Unit tests are a great way to check discrete pieces of your app for pass/fail criteria. Each test is run independently, so if a test fails or causes a crash, the test will be marked as a failed test and the next test will automatically be executed. This allows an entire suite of tests to be run with a single command in an automated fashion.

Unit tests are written mostly like any other class, module, or function in Monkey C, but have the following requirements:

  1. Tests methods must be marked with the :test annotation
  2. Test methods must take a Logger object
  3. Tests methods that are not global (part of a test class or custom test module) must be static methods

Here is a simple example of a unit test method:

// Unit test to check if 2 + 2 == 4
(:test)
function myUnitTest(logger) {
    var x = 2 + 2; logger.debug("x = " + x);
    return (x == 4); // returning true indicates pass, false indicates failure
}

The sample code above uses a “debug” logging level, but the Logger contains a total of three logging levels that can be used to distinguish between different types of errors in your unit test output:

//! Write a debug string to the output stream. The String is prefixed with [DEBUG] and time stamp
//! @param [String] Output string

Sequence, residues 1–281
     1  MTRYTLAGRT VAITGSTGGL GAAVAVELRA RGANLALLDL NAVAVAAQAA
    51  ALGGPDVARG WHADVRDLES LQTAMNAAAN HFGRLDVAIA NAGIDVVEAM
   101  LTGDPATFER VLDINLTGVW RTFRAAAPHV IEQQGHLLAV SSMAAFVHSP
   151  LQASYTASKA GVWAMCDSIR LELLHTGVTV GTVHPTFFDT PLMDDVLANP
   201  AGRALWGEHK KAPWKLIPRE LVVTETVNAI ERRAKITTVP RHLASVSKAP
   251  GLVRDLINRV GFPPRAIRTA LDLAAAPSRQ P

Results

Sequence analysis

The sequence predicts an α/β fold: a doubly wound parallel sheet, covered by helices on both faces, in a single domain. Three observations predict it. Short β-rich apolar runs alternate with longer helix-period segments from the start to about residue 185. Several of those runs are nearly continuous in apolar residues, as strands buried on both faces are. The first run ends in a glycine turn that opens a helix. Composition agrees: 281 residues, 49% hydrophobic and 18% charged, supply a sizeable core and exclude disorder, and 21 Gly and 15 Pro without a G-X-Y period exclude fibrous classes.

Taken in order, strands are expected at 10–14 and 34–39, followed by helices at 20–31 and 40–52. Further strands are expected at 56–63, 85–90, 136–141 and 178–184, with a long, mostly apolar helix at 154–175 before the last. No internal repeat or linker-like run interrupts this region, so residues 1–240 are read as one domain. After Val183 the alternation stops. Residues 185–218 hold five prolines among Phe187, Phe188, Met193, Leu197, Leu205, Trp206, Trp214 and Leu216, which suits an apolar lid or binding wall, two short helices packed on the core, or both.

function debug(str);

//! Write a warning string to the output stream. The String is prefixed with [WARNING] and time stamp
//! @param [String] Output string
function warning(str);

//! Write an error string to the output stream. The String is prefixed with [ERROR] and time stamp
//! @param [String] Error string
function error(str);

Running Unit Tests From the Command Line

Unlike asserts, which always execute in the simulator, unit tests only run when the compiler is told to run them. Unit tests must be executed from the terminal and are not currently available in the Eclipse plug-in. Fortunately, it’s a straight-forward, three-step process:

  1. Build the Project: Use the --unit-test flag on the build command to compile with unit tests. It’s usually easiest to copy and paste the build command from the Eclipse console and add the unit test flag.
  2. Launch the Simulator: You must use the connectiq script in your SDK’s bin directory to launch the simulator from the terminal (no arguments required).
  3. Run the App: Use the monkeydo script in your SDK’s bin directory with the -t flag to run the app with unit tests enabled:
monkeydo.bat path\to\projects\bin\MyApp.prg -t